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Bob Lutz on the Future of Green Cars and Fuel Economy

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Consumers are demanding cars get more miles per gallon. The government is demanding lower CO2 emissions. Each additional mile-per-gallon starts costing more and more. GM realized there had to be a better way to do this. They realized it’s time to get away from the “oily bits” of an engine. They are placing their future in mild hybrids, strong hybrids, plug-in hybrids, extended-range electric vehicles like the Volt, and fuel cells. Being the realist that he is, Bob believes that there is a segment of the Environmental Movement that is against personal mobility.

Bob’s theory is that you can have a car that eats CO2, gets 200 miles per gallon and sprouts fresh daisies out of the tailpipe… and it will still be criticized for insects that are killed on the windshield. Basically, someone somewhere will find something to complain about. The question was asked why there is no concentration on creating a hybrid type of vehicle that would be considered “luxury”. The feeling is that many more people would buy an energy-efficient vehicle if only it were more “stylish”, and met their quality standards. Sadly, many people could care less about the emissions, nor the fuel economy of a car. They simply drive what they feels looks the best, or makes THEM look the best. There is a huge untapped market of people who have money to spend, and are going Green. However, they don’t want to trade in their Benz for say… a Prius.

Bob stated that even Mercedes is looking at Lithium Ion technology. Even though they may not be on the market, nor talked much about… these types of cars ARE in development. Mercedes is saying that they may be charging around $80,000 for these cars, but Lutz feels it will be more along the lines of $100,000 and up. These will then become the sort of ethically pure rich person’s car. One example of these cars is the Tesla Roadster. It is a sleek looking little car, and is being touted as getting the equivalent of 256 miles per gallon. If you decide to reserve one now, you’ll lock in the $109,000 price tag with a $5000.00 reservation fee. For another $55,000.00, you can lock in a production slot and delivery time. You must then make your color and interior selections… AND pay the final balance due… three months prior to delivery.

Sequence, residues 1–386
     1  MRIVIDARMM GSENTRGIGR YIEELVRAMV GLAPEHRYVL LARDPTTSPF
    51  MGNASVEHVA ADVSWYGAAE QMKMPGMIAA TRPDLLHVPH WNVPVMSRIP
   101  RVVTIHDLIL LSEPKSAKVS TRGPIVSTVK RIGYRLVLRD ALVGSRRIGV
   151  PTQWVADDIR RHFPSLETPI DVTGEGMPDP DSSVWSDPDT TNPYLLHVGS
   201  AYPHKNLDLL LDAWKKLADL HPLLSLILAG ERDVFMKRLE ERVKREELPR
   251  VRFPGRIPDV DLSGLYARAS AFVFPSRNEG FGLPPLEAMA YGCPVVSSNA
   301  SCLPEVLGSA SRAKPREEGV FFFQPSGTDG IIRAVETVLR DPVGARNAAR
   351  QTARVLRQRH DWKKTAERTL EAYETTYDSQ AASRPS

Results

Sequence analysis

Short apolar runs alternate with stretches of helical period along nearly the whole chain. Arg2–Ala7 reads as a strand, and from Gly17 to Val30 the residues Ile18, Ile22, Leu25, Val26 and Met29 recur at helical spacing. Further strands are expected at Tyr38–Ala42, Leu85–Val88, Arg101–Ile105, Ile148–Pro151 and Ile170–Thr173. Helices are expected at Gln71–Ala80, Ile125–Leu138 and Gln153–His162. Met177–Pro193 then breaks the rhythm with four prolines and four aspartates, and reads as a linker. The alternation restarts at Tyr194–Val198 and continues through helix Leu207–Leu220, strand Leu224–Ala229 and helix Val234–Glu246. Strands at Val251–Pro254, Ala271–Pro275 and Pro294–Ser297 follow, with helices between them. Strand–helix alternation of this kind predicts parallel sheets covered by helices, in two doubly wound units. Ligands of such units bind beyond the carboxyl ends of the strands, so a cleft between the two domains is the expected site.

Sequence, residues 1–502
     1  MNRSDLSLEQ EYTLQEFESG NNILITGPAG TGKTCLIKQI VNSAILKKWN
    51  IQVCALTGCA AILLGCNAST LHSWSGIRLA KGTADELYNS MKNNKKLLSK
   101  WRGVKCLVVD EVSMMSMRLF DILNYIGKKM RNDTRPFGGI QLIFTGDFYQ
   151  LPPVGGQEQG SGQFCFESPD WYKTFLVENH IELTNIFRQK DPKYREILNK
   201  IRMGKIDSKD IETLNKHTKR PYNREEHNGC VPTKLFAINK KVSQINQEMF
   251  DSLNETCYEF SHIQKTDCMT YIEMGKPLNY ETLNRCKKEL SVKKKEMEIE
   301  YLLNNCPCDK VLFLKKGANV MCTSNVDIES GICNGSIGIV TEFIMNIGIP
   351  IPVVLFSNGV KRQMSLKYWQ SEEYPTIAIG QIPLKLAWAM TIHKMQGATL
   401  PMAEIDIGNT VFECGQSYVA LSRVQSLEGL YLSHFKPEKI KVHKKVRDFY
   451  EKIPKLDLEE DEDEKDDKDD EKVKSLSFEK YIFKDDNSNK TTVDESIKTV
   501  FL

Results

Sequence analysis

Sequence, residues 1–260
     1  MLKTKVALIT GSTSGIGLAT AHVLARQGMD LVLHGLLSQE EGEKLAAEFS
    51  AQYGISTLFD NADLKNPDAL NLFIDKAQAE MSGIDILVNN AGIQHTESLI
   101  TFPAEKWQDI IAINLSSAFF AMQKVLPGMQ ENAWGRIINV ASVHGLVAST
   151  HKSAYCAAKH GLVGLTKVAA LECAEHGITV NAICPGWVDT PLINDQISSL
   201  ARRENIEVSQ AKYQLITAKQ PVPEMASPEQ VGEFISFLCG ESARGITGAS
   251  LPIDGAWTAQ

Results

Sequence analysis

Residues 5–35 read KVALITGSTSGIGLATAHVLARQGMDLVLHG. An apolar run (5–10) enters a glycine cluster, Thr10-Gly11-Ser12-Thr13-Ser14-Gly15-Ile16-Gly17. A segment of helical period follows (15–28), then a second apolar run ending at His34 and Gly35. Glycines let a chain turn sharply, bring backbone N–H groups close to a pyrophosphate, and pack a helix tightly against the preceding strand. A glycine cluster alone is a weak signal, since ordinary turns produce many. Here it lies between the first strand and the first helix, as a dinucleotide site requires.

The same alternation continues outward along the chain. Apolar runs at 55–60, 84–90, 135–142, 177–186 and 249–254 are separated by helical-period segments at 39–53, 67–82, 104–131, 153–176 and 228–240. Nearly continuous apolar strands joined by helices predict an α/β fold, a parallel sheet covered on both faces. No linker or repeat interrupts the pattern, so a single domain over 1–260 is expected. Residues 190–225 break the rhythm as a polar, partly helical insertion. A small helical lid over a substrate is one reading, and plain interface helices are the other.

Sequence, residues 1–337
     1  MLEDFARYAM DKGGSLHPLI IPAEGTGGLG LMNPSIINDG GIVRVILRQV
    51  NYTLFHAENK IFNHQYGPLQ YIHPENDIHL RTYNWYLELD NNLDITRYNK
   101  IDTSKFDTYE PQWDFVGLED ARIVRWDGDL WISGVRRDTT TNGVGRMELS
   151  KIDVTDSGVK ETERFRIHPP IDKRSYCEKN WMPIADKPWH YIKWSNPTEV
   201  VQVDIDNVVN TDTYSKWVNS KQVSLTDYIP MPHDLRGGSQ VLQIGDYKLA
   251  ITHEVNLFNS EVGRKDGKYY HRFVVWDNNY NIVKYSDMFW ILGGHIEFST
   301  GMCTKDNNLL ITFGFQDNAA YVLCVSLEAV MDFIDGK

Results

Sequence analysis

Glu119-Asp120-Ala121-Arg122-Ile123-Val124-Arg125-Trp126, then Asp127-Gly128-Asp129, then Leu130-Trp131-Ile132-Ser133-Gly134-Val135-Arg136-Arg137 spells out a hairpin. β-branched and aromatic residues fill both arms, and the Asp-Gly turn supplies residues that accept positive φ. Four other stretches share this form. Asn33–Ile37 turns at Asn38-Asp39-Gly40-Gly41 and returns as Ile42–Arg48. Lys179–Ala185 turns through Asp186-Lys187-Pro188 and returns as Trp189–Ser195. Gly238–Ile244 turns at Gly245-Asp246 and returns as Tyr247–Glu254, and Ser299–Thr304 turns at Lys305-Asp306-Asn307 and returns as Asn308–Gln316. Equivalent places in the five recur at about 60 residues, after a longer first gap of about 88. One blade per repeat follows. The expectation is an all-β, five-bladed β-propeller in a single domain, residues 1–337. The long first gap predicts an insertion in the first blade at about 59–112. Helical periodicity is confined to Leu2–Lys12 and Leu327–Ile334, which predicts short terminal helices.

No matter the price tag on something like these, they will sell out. There are two types of people who buy hybrid cars: those who truly care about the environment and/or save money, and those who are “going Green” in order to impress their friends or fans. Face it, it’s hip to be Green. So the question is: should Cadillac (a subsidiary of GM) be making an equivalent of the new Chevy Volt? The answer is, of course, absolutely.

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GM Didn't Kill It: The Future of the Electric Car